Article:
Screening after age 75
Screening guidelines often change after age 75. If you're in that age group, how do you decide which tests you need?
If you're close to age 75, you may have followed the same schedule for mammograms, Pap smears, and other screening tests for decades. And if you're like many women, you may be surprised that your physician is suggesting fewer tests or longer intervals between them. The practice seems to fly in the face of conventional wisdom. After all, the risk for many degenerative diseases increases with age, so shouldn't older women be monitored even more closely? The answer is, "It depends on the woman."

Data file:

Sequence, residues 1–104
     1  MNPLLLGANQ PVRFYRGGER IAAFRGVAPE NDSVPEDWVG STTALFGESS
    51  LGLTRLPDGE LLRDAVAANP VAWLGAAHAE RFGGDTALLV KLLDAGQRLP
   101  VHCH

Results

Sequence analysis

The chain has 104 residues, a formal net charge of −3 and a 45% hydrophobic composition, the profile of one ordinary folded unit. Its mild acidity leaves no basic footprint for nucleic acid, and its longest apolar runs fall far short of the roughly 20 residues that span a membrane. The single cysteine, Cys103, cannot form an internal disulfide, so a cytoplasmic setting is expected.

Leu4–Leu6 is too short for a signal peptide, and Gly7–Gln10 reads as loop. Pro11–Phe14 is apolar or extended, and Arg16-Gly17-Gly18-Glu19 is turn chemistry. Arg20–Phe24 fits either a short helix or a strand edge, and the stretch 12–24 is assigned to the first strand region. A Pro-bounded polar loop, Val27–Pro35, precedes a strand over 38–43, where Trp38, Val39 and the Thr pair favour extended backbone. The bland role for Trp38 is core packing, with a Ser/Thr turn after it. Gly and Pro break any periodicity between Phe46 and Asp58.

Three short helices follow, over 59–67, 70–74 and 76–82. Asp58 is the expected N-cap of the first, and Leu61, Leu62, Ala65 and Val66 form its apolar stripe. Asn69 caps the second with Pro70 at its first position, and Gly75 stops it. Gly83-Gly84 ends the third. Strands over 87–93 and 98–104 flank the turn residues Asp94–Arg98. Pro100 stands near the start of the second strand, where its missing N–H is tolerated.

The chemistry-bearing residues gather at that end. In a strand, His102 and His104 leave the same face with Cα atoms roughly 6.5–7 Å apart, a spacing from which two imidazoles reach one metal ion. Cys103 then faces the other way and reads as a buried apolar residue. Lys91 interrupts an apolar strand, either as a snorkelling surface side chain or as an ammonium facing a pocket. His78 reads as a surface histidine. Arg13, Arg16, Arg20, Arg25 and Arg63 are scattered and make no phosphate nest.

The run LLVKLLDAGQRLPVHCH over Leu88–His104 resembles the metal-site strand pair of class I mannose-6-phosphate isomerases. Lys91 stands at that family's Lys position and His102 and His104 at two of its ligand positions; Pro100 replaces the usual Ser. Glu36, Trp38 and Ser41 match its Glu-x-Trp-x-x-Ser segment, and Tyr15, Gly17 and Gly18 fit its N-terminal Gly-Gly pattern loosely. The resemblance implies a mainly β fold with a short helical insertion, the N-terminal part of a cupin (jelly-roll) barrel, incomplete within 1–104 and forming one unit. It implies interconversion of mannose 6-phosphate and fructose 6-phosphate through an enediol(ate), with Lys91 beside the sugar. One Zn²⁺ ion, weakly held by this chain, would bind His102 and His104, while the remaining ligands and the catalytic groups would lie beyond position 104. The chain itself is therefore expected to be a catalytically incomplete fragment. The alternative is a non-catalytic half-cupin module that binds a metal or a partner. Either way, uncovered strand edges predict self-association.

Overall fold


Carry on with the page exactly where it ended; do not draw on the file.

By age 75, there's a growing disparity in "biological" age among women of the same chronological age. "I have patients who are quite frail and others who are in better shape than many 50-year-olds," says Dr. Monera Wong, clinical director of the Geriatric Medicine Unit at Massachusetts General Hospital in Boston. Statistics back her up: at age 75, 25% of women live an average of 6.8 more years, 50% live an average of 11.9 more years, and 25% live an average of 17 more years.